My paintings quite obviously fall into two groups: a series of six to fifty variations on a theme and single paintings which do not fit into a general category.
After summer of 1930 at Yale's Art School, my student days continued at the Art Students' League in New York. I made many studies of beggars on New York streets and subways. And, as a result of many nights spent in Harlem speakeasies, Manhattan clubs and corner bars, jazz as well as art became very important to me.
I travelled back to Los Angeles in 1934 by way of the negro Gullah community in South Carolina and through New Orleans. When I arrived, I made a set of eleven lithographs with Lynton Kistler; this 'Carolina Low Country Portfolio' was infused with rhythms based on sketches made amidst the Gullah. Their 'shouts' - singing for work, play and worship - heightened my jazz leanings. My jazz theme paintings began in 1935 and continue to this year.
Other themes are:the beach and bathers of Southern California, outer space, Texan pageantry and cockfighting, The Arizona and California deserts, the Circus and side show people, the Commedia dell' Arte, the female nude and portraits of women.
It seems fairly certain that my work is created in reaction to given stimuli; these are 'subject' pictures - responses to places, types of people, cultures and customs. However, mostly I am painting from memory or sketches. You can't find my beach in Santa Monica or my jazz group in New York or New Orleans or Los Angeles!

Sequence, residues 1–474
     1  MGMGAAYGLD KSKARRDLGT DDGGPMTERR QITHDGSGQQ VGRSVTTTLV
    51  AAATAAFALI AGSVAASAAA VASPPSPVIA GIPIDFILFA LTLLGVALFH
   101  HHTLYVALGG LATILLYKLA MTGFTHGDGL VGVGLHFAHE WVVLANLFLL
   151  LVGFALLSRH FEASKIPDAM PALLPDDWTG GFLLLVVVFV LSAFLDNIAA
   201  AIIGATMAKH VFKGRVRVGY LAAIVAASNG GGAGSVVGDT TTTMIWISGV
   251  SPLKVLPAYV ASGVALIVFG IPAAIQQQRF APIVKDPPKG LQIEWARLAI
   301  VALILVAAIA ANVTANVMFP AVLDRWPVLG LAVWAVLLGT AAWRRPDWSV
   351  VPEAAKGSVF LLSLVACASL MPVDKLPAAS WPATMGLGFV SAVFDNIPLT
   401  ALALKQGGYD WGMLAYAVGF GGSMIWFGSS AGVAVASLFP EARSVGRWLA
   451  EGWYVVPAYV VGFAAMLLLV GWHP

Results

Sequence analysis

According to Kenneth Clark, the 'nude' is an art form invented by the Greeks in the 5th century. I like that and I will continue to try and find a place for the nude in the 21st century.
I have spent a number of years teaching art - from conventional classes in painting and life drawing, anatomy, perspective and illustration and in abstract and expressionist painting. I have researched methods, materials and artists' techniques. (I could probably be a world class forger!)
As a commissioned artist, I have completed murals in a number of techniques and have designed and fabricated architectural and decorative sculpture. Since this type of work is usually based on a theme, period or style, research is necessary. I hve learned a great deal about art history from analysing and dissecting historical studies and techniques.
From this it seems that my painting derives from the world around me and from where I am. However, I would like to point out that I was in Rome when I began to paint the Malibu Graces and Goddesses of California!
--Palmer Schoppe - July 2000
Santa Monica, California